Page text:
How about 30s, or until you opponent reachs the same ball (whichever is shorter). Harder to officiate, but makes players impact each other. You might choose to play safe while you have a 30 second drain advantage. Something to change it from simultaneous solitaire.
I was actually going to design an actual penalty box that would unlock after 30 seconds. Player has to go lock themselves in the box for those 30 seconds, while the fans are free to start pounding the glass around the box and heckling the player at their leisure
I personally feel that the GB SJP challenge was the most strategically interesting precisely because it had multiple ways to achieve it. With perfect execution/luck, I think defeating the Scoleri Bros. is the fastest path, but ramp skill shot is more consistent. You could even switch to collecting Slimer slime, which I saw at least one player do. It was fun to see players switch their plan on the fly.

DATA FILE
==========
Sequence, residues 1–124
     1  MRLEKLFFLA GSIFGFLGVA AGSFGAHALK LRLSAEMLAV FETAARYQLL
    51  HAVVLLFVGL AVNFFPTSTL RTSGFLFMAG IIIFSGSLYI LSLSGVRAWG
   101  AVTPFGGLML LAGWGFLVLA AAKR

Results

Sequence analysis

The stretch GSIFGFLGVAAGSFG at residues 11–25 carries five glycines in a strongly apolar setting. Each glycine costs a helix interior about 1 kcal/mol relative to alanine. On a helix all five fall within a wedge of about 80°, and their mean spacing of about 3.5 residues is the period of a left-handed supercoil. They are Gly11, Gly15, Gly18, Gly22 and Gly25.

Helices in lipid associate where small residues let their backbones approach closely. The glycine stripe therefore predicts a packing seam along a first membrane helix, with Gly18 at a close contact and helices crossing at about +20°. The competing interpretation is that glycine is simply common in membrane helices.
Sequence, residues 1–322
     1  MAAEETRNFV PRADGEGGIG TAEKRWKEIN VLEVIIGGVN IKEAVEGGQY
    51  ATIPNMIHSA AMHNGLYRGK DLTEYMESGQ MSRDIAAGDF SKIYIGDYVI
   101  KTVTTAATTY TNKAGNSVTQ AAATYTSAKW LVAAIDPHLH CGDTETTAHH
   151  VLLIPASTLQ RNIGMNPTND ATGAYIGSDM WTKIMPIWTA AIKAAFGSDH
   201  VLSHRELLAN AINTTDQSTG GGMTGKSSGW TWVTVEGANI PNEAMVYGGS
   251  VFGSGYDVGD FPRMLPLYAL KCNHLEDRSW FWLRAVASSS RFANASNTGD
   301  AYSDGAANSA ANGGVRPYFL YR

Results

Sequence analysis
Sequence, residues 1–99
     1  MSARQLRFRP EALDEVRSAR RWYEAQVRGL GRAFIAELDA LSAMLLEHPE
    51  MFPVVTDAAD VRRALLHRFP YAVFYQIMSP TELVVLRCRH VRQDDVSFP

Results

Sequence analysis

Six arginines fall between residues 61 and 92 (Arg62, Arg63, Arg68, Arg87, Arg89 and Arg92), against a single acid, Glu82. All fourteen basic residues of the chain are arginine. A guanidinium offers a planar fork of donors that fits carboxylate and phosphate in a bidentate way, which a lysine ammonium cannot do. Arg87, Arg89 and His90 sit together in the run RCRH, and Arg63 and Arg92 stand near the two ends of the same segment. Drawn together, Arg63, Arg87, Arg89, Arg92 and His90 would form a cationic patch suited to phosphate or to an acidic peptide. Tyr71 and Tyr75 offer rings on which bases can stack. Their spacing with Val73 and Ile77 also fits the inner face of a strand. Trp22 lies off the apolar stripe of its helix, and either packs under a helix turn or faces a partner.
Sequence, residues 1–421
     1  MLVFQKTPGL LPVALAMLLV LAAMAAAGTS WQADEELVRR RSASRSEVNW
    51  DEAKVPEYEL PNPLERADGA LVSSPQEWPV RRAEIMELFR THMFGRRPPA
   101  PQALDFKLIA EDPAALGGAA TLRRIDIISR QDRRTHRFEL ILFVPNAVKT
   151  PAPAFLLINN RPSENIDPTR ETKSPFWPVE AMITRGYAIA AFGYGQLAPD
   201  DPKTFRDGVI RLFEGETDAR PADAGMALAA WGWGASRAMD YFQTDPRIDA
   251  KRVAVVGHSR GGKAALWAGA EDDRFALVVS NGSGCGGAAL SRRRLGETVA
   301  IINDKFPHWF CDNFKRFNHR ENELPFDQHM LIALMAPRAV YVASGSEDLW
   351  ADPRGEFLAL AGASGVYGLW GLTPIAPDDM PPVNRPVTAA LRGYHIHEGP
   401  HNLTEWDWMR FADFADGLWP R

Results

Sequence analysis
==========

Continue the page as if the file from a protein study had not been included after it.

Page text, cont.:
I want to see more challenges like this, with different avenues to explore. Sure, there is probably an optimal strategy for everything, but if you can adapt based on how things pan out, that’s interesting.
(I found this format very fun to watch, BTW!)
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“I want to see less challenges like this”
“I want to see more challenges like this”
I think one issue with pinball is that rules aren’t ‘out there’ like in most other games. Typically all the rules seem to be stated or known to all competitors in many other games/sports. In pinball you figure it out yourself or have to do a lot of extra work to find out how to play a game. I don’t mind that in casual play and actually prefer to try and figure new games out on my own before watching any tutorial etc.
But if you are in a competition and there’s some secret way to do better that doesn’t seem as fair to people overall and for people watching, very confusing too. Commentary can help that of course.
But I do like pingolf with objectives where there is a path to get something done - but not a secret faster way, but maybe an alternative that is easy to figure out maybe. Like the Aerosmith multipliers thing could also be done by getting MB and then accidentally hitting all those targets during MB vs just hitting them in single ball play…
I bought a plane ticket for exactly this reason, there are little nuances and tricks here and there that would give me a huge advantage if I knew about them and others didn’t. That’s why I asked so many questions in this thread prior to the event. Some weren’t even true (3 balls changing to 5 ball changes a bunch of strategies on games)